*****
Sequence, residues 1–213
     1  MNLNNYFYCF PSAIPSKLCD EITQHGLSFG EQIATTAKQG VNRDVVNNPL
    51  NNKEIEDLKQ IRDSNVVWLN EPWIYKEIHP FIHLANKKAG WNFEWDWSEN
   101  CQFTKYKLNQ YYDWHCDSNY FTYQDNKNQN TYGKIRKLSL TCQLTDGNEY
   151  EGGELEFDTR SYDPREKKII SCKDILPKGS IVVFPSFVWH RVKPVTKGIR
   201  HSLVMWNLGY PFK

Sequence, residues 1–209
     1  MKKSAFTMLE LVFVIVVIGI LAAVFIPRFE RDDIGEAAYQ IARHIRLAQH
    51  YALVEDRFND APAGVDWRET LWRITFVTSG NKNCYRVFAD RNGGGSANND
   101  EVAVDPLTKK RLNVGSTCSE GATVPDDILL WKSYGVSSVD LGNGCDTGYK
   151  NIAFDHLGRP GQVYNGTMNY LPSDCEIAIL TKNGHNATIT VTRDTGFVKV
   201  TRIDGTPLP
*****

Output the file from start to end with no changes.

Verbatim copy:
Sequence, residues 1–213
     1  MNLNNYFYCF PSAIPSKLCD EITQHGLSFG EQIATTAKQG VNRDVVNNPL
    51  NNKEIEDLKQ IRDSNVVWLN EPWIYKEIHP FIHLANKKAG WNFEWDWSEN
   101  CQFTKYKLNQ YYDWHCDSNY FTYQDNKNQN TYGKIRKLSL TCQLTDGNEY
   151  EGGELEFDTR SYDPREKKII SCKDILPKGS IVVFPSFVWH RVKPVTKGIR
   201  HSLVMWNLGY PFK

Sequence, residues 1–209
     1  MKKSAFTMLE LVFVIVVIGI LAAVFIPRFE RDDIGEAAYQ IARHIRLAQH
    51  YALVEDRFND APAGVDWRET LWRITFVTSG NKNCYRVFAD RNGGGSANND
   101  EVAVDPLTKK RLNVGSTCSE GATVPDDILL WKSYGVSSVD LGNGCDTGYK
   151  NIAFDHLGRP GQVYNGTMNY LPSDCEIAIL TKNGHNATIT VTRDTGFVKV
   201  TRIDGTPLP